You can organise various brain storming sessions, role plays etc. to help teens understand why stealing is wrong and that they may face serious consequences if they continue to steal. Inform the authorities and proceed for remediation in a subtle but firm manner. Parents may take some time to sink in this information, but then won’t they? Help them understand and unravel the mysteries, encourage them to join the missing links and provide a loving atmosphere at home. Gently request them not to discuss this matter further with the child or in front of anyone, be it siblings. In classroom to prevent yourself from showering excessive concern on the child, as too much attention can lead the ship to a wrong harbour.
If a student seems stuck in a pattern that includes some of these statements I don’t know why I bother, what’s the point of anything, I wish I were dead or even I can’t do anything right, I’m worthless; then it is quite evident that he/she is passing through phases of depression. According to SGRMH (1999), “One in five children has a diagnosable mental, emotional or behavioural disorder. And up to one in 10 may suffer from a serious emotional disturbance, Seventy percent of children, however, do not receive mental health services.” They may feel low most of the time, lose interest in all activities of school and have frustration level. In such cases, request the school counsellor to fix up an appointment with the child. Talk to the child on regular occasions to show that he/she is being recognized and does not seek deep into dearth’s of depression.
Moving on to yet another important behaviour change in adolescents or rather calling it a habit would be more appropriate. Yes, I am talking about substance abuse. If you notice a change in your student’s normal activities or behaviour, and you cannot explain it as due to the typical issues of adolescence, it may be a sign of alcohol or substance abuse. Pay attention to changes in child’s appearance, friends and peer group, way of expressing him or herself, school performance, extracurricular activities or hobbies, and overall behaviour. If your teen now refuses to do chores, misses deadlines for submissions regularly, is hostile and aggressive, and frequently appears to be depressed, agitated, or “sleepy,” you should call the parents and take immediate measures.
Yoga can help…
Regarding above, if an individual takes the help of yoga,it can be very useful to him/her. Yoga makes the body of an individual steady, flexible and strong, increases endurance, provides energy, gives a feel good factor, enhances muscle strength, improves confidence, protects from injury, reduces weight, balances metabolism, controls thoughts, facilitates calmness, helps in getting better sleep, controls emotions, leads to a deeper sense of gratitude in general, fosters the ability to truly live the positive experiences of daily life, leads an individual to introspection about his/her limitations – physically, mentally and emotionally and manifests positive experiences in the daily life.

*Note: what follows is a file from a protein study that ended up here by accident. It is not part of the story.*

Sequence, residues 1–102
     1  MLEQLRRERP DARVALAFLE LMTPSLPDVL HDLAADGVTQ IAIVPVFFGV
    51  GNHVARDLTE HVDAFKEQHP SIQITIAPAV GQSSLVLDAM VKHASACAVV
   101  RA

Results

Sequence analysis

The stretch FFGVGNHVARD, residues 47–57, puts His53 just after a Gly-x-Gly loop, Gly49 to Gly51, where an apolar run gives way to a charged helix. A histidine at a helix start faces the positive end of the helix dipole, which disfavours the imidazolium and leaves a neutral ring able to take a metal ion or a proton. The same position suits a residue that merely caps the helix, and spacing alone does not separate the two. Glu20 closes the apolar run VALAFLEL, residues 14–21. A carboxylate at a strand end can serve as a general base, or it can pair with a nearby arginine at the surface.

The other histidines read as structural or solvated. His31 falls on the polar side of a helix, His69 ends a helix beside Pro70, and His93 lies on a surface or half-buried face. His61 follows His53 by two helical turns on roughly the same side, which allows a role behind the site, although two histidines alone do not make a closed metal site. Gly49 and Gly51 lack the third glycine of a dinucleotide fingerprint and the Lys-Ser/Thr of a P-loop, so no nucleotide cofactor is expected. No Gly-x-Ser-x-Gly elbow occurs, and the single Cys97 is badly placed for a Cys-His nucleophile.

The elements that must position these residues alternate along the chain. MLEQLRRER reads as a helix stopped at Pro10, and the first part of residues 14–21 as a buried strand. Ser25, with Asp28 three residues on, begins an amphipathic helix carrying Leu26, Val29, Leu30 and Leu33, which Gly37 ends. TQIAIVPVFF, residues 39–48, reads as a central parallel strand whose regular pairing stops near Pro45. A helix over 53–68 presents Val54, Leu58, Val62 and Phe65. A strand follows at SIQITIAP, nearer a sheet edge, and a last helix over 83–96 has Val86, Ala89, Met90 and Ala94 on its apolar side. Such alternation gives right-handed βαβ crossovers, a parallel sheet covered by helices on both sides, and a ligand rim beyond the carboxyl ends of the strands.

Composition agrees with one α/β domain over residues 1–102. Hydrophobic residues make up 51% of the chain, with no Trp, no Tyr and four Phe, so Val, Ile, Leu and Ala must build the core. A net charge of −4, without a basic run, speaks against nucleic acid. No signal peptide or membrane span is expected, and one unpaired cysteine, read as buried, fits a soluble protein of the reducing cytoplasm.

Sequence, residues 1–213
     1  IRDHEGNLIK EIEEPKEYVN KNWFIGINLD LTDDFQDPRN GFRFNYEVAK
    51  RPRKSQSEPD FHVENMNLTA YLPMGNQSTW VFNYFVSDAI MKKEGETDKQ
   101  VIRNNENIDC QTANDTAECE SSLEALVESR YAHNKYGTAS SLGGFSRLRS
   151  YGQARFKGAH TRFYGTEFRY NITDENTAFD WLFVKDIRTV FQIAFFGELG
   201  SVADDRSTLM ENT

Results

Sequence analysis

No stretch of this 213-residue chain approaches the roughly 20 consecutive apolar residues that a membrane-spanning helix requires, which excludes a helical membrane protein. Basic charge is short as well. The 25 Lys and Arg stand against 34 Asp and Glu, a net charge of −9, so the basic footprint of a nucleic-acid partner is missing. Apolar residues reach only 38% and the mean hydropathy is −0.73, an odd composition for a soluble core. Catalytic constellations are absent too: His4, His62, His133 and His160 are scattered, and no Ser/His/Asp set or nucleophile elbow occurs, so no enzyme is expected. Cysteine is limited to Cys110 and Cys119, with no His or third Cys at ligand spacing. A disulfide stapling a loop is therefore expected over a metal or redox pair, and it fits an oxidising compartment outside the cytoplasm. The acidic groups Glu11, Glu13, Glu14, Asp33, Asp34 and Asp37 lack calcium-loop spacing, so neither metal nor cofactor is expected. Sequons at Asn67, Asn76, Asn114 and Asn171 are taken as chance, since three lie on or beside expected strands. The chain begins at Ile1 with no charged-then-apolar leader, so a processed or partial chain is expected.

Asana like Hastottanasana, Padahastasna, Trikonasna, Shashankasna, Ushtrasana, Ardhamatsyendrasna, Bhujangasna, Makarasna, Sarvangasna, Matsyasna, Shavasna, Shirshasna, Bakasna, Hansasna (for girls) and Mayurasna (for boys) can be very useful to an individual.
Finally, remember as kids progress through the teen years, you’ll notice a showing of the highs and lows of adolescence. And, eventually, they’ll become independent, responsible, communicative young adults. So remember the motto with teens: We’re going through this together. And we’ll come out of it together! Good luck and Happy teaching’!!!
Dr Upendra Kaushik, B Com (Hons), M Com, B Ed, Ph D, D Litt is in school education and administration since 1978. He is a well known educationist, consultant, mentor, trainer, motivator and institution strategist. He has authored 19 books and has rich experience in the field of Curriculum Development, Measurement and Evaluation, Development of Text Books and Instructional Materials. He has been a resource person for training programmes on Value Education, Consumer Education, Population and Development Education, General Management, Marketing Management, Capacity Building for Skill-Upgradation, and associated with CBSE, NIOS,CIE University of Delhi, etc. Since 1990, he has trained more than 2,000 entrepreneurs. He is the recipient of more than 65 accolades at the State, National and International level including ‘National Award to Teachers 2001’ instituted by Ministry of Human Resource Development, Government of India, ‘State Teacher’s Award 2002’ instituted by the Government of NCT, Delhi.
At present, Dr Upendra Kaushik is Chairman, Governing Body, Bharatiya Vidya Bhavan’s Vallabhram Mehta Public School, Vadodara; Member Governing Councils and Management Committees of a number of well-known schools of the country.